- She looks up the author online. In her words, "to see what else they have, and if their website is a total turn off."
- She sees if the author blogs. If so, does the personality sound like someone she would like?
- She talks to her co-workers and boss to see if they agree with her feelings about this author.
- THEN she chats with the author on the phone, to see if they hit it off, if they agree on what an agency should do for the author.
- THEN she sends them a contract.
You are as much a commodity as the book these days. You can't climb in a hole, write pretty words, and toss them out to someone else to market. First, it isn't going to happen. Second, no one can promote work from the heart like the creator.
Some of you are in denial about this. Some may say this agent could be different from the others. Some of you actually think that an agent will discover great prose and never look at the promotional ability of the author. And you'll continue to seek representation until pigs fly, or get disgusted and self-publish, or quit writing. If you cannot navigate the Web in all its glorious avenues and options, you short change your writing future. It's that simple.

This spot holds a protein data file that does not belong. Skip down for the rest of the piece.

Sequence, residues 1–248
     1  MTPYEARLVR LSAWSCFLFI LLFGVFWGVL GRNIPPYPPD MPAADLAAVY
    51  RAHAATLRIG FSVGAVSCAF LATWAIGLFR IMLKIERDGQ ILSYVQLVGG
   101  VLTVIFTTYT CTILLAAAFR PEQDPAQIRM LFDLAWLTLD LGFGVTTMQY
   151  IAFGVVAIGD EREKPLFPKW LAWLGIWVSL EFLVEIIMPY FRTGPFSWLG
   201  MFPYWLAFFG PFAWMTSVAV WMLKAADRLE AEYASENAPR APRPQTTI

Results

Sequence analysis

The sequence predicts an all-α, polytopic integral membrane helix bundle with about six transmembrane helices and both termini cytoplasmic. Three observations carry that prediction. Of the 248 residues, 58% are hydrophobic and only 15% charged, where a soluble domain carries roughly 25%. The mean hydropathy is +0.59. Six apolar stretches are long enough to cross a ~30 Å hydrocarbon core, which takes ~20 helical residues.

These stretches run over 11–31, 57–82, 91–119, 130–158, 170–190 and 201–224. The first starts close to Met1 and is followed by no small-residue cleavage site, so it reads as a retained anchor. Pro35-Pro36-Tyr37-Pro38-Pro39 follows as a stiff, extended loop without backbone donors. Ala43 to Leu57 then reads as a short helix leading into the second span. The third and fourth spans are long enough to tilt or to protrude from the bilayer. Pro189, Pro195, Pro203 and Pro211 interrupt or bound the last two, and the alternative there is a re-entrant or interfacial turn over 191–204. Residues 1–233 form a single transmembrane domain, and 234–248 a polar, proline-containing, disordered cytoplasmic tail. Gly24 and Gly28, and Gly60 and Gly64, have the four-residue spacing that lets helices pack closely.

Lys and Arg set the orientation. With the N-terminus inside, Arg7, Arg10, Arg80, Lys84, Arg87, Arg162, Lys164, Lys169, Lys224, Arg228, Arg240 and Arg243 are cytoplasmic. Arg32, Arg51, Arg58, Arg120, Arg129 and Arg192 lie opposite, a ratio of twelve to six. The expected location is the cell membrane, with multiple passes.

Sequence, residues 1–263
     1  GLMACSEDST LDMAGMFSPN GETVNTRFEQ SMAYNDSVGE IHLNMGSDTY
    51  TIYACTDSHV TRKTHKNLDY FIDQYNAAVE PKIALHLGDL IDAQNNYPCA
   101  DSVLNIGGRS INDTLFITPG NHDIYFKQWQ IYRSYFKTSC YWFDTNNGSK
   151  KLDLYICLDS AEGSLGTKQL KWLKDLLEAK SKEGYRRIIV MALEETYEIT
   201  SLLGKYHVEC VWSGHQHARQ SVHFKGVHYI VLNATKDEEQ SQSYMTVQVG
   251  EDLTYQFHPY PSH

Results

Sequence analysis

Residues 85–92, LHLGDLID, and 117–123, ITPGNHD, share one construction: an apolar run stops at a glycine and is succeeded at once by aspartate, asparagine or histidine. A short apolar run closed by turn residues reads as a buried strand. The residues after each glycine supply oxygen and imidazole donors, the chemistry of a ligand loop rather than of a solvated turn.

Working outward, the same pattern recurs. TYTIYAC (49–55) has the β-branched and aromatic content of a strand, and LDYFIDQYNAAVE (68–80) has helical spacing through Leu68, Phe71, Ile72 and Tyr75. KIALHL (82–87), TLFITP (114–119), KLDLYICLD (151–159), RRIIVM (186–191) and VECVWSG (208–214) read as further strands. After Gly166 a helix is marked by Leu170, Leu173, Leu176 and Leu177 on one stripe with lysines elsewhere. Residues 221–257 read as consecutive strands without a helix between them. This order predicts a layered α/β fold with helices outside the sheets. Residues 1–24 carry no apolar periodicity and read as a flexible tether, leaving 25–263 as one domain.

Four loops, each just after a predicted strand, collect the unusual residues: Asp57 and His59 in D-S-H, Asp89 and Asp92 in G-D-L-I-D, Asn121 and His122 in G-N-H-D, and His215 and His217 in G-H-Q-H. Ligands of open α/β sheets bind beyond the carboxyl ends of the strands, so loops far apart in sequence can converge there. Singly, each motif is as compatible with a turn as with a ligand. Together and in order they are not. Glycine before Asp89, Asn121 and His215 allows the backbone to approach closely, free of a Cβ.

NOTE: Yes, an online presence takes a little time out of your day. I hate updating a website each week. I often post five blogs on one day so I don't have to think about it everyday. I've skipped days Twittering because I only wanted to write. But like editing, like writing those stinking synopses, like running down markets, maintaining an online personna is an administrative task you learn to love or at least tolerate.
DOUBLE NOTE: Gosh it's hard to write at night after spending 8 hours in the garden and yard. It's so dang hot. I actually installed a mini-fan in my chicken coop.